23:18 GMT +304 December 2016
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    Border inviolability versus right to self-determination

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    MOSCOW, (RIA Novosti political commentator Pyotr Romanov)

    If somebody were to look at a wall and say that it was both black and white, or if he were to say that he bought a bottle of brandy champagne, he would most likely be certified insane.

    Life is much easier for lawyers and politicians, since the ability to simultaneously say "Yes" and "No" is part of their profession. Even the UN Charter calmly declares two mutually excluding principles - the inviolability of borders and the right to self-determination, though this contradiction has sparked many international conflicts and claimed hundreds of thousands-if not millions- of lives.

    Some conflicts fizzle out, others are settled militarily, but many more keep smoldering, forcing neighboring countries to remain on high alert.

    A host of international mediators - mostly lawyers and politicians - buzz around such pockets of tension, usually only complicating them. This is logical, because their professions are based on double standards, and the decision about which principle to apply to a given case - the inviolability of borders, or the right to self-determination - is usually made to suit the self-serving interests of states or international organizations. The will of the people in the conflict zone, their passions and legitimate interests, are taken into account only when all other interests have been served.

    There are many examples of this approach, and each of them smells of blood. Of the many conflicts in the world, for example in Sudan's western Darfur province, quite a lot are happening in close proximity to Europe, which should by now have accumulated a wealth of experience and enough political and legal instruments to settle them. Unfortunately, this is not so.

    Nobody can honestly tell you why Europe opted to support the self-determination of Kosovo Albanians to the detriment of the inviolability of Serbia's borders. At the same time, European officials think that similar conflicts in the former Soviet states - between Moldova and Transdnestr, or between Georgia and Abkhazia and Ossetia - should be settled in favor of Moldova and Georgia.

    Like Kosovo Albanians, the people of Transdnestr, Abkhazia and South Ossetia took up arms to defend their independence, unwilling to live under the rule of the hated central authorities.

    Due to the contradiction sealed into international law by the UN Charter, some European nations are left out of the common European process, which is bad for them and for the rest of Europe. The lack of international authority has opened the door to criminal activity in many of these "dead zones". For example, Kosovo has become a center for drug trafficking.

    To make matters worse, the lack of economic and intellectual support from other countries is hindering the development of such zones. Blood has been spilled and, unless the problem is solved without delay, may be spilled again.

    The Russian peacekeeping forces in Abkhazia and South Ossetia cannot keep the warring sides apart forever. Moldova would absorb Transdnestr if it had the forces to do so, and Georgia under Mikhail Saakashvili does not make a secret of its plans to build up enough military force to take back Abkhazia and South Ossetia.

    It is therefore not surprising that the leaders of the three self-proclaimed republics have recently joined together to create a peacekeeping force for the protection of their unrecognized independence.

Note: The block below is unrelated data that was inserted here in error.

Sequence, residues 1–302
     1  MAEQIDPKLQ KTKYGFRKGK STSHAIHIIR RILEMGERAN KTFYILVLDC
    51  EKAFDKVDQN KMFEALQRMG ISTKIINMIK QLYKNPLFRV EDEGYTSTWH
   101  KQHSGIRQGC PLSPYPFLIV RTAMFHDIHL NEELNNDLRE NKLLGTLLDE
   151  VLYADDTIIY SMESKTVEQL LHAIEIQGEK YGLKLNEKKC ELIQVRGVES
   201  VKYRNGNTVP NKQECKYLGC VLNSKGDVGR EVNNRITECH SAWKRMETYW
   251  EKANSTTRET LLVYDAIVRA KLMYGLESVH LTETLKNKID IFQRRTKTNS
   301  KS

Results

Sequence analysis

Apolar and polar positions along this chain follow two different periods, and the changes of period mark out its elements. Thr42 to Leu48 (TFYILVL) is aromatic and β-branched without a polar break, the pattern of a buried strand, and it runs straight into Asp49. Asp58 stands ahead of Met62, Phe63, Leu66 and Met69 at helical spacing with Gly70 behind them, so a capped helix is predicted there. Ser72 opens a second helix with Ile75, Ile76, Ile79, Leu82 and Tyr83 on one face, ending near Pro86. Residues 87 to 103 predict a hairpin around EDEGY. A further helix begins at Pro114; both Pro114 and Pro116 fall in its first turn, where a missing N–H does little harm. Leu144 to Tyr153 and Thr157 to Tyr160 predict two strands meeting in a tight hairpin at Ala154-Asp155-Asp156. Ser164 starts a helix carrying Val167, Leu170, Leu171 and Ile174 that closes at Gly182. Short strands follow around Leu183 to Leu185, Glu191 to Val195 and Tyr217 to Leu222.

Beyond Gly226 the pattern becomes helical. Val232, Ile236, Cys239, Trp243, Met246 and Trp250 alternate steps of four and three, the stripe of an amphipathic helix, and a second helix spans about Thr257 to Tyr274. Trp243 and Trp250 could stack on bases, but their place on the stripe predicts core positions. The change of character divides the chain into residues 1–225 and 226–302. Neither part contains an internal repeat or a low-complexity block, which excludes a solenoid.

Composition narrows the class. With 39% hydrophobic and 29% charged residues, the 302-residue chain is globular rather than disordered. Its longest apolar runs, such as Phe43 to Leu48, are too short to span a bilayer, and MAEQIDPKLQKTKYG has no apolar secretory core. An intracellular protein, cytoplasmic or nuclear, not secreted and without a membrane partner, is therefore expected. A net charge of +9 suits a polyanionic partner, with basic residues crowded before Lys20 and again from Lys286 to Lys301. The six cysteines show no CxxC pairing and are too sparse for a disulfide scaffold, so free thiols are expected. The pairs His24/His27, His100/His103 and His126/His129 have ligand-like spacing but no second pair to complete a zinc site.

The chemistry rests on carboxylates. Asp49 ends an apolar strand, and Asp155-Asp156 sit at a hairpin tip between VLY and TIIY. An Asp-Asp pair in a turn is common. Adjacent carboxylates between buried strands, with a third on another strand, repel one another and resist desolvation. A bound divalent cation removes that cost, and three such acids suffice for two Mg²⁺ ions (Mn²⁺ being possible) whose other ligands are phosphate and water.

South Ossetian leader Eduard Kokoity said: "In the more than 10 years that they have been developing independently, the three republics (Abkhazia, South Ossetia and Transdnestr) have proved that they are truly independent states."

    The three leaders added: "The Russian peacekeeping forces should remain in the conflict zones until the conflicts are settled." Kokoity said that if the Russian "blue helmets" were forced to leave, their place would immediately be taken by the joint peacekeeping force of the three republics.

    While the three leaders were signing a relevant agreement, Russian President Vladimir Putin met with Georgian leader Mikhail Saakashvili, but they failed to come to terms.

    Disregarding the opinion of Abkhazians and Ossetians, Saakashvili said they should be reincorporated into Georgia without delay. Putin tried to convince his counterpart to respect the opinion of the people: "There should be patience and a desire to compromise; the people themselves should express a desire to live together. Conflicts cannot be settled with a knife and a razor."

    The Georgian president did not understand what Putin was trying to tell him, although this should be a copybook maxim for a politician who claims to be a democrat.

    There are other methods of solving problems apart from the sword, as Vaclav Havel proved by peacefully separating the Czech Republic and Slovakia. The current "divorce" of Serbia and Montenegro has also been peaceful, although Belgrade is not happy the Montenegrins are leaving.

    Unfortunately, Saakashvili is not Havel, and so Abkhazia, South Ossetia and Transdnestr acted wisely to create a joint peacekeeping force.

    In my opinion, this is not a violation of democratic procedure. The constitution of every truly democratic state includes a provision on self-defense against authorities who work only to suit their own interests, even though this provision may not be easy for laymen to interpret.

    The people of Abkhazia, South Ossetia and Transdnestr are categorically dissatisfied with the actions of the Georgian and Moldovan authorities, which means that they have a right to self-defense.

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